Google’s Gemini AI Hints At The Next Great Leap For AI Technology

Google has launched Gemini, a new artificial intelligence system that can seemingly understand and speak intelligently about almost any kind of prompt-pictures, text, speech, music, computer code, and much more.

Although Gemini’s capabilities might not be quite as advanced as they seemed in a viral video, which was edited from carefully curated text and still-image prompts, it is clear that AI systems are rapidly advancing.

To develop new capabilities, AI systems are highly dependent on the kind of “Training” data they have access to. At the moment, the data that companies such as Google, OpenAI, Meta, and others train their models on is still mainly harvested from digitized information on the internet.

There are efforts to radically expand the scope of the data that AI can work on. Google’s new Gemini system has shown that it can understand real-time content such as live video and human speech.

With new data and sensors, AI will be able to observe, discuss, and act upon occurrences in the real world. Self-driving cars, which already collect enormous amounts of data as they drive on our roads, are the most obvious example of this.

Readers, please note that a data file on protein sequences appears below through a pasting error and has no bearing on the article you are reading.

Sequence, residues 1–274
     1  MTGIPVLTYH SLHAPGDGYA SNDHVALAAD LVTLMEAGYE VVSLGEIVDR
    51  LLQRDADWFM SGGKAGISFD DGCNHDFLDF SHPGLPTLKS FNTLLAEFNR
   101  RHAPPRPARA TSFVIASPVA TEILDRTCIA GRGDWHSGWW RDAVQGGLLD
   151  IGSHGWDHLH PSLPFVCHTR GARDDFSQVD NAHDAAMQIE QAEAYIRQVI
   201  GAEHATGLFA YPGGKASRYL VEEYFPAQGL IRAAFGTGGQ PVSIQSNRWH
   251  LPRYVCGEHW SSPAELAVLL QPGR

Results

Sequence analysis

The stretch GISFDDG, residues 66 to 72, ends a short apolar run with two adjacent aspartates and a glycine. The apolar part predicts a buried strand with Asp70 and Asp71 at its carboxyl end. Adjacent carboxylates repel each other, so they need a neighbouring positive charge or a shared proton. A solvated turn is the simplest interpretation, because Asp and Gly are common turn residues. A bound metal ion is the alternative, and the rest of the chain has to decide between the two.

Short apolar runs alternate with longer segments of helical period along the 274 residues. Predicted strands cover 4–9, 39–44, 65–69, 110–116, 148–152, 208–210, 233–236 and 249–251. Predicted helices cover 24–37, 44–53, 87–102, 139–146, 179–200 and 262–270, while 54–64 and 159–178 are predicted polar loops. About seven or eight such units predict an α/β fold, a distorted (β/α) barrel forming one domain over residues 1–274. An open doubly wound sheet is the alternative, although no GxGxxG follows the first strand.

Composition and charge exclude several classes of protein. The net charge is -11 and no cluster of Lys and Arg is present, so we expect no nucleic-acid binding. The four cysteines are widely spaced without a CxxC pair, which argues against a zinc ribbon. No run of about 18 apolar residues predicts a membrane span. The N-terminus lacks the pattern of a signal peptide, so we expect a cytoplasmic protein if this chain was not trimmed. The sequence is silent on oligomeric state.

While early uses for this tech are familiar, such as optimizing heating for better energy usage, the understanding of habits will become much more advanced. This data could then be used by doctors to detect early onsets of ailments such as diabetes or dementia, as well as to recommend and follow up on changes in lifestyle.

As AI’s knowledge of the real world gets more comprehensive, it will act as a companion. There are enormous positive opportunities that come with all this new data, but there is an equal risk of overreach and intrusion on people’s privacy.

As we have seen, users have so far been more than happy to trade a staggering amount of their personal information in return for access to free products, such as social media and search engines. The trade-offs in the future will be even greater and potentially more dangerous, as AI gets to know and support us in every aspect of everyday life.

If given a chance, the industry will continue to expand its data collection into all aspects of life, even offline ones. They will need to monitor not just the power and pervasiveness of the new AI models, but also the content they collect.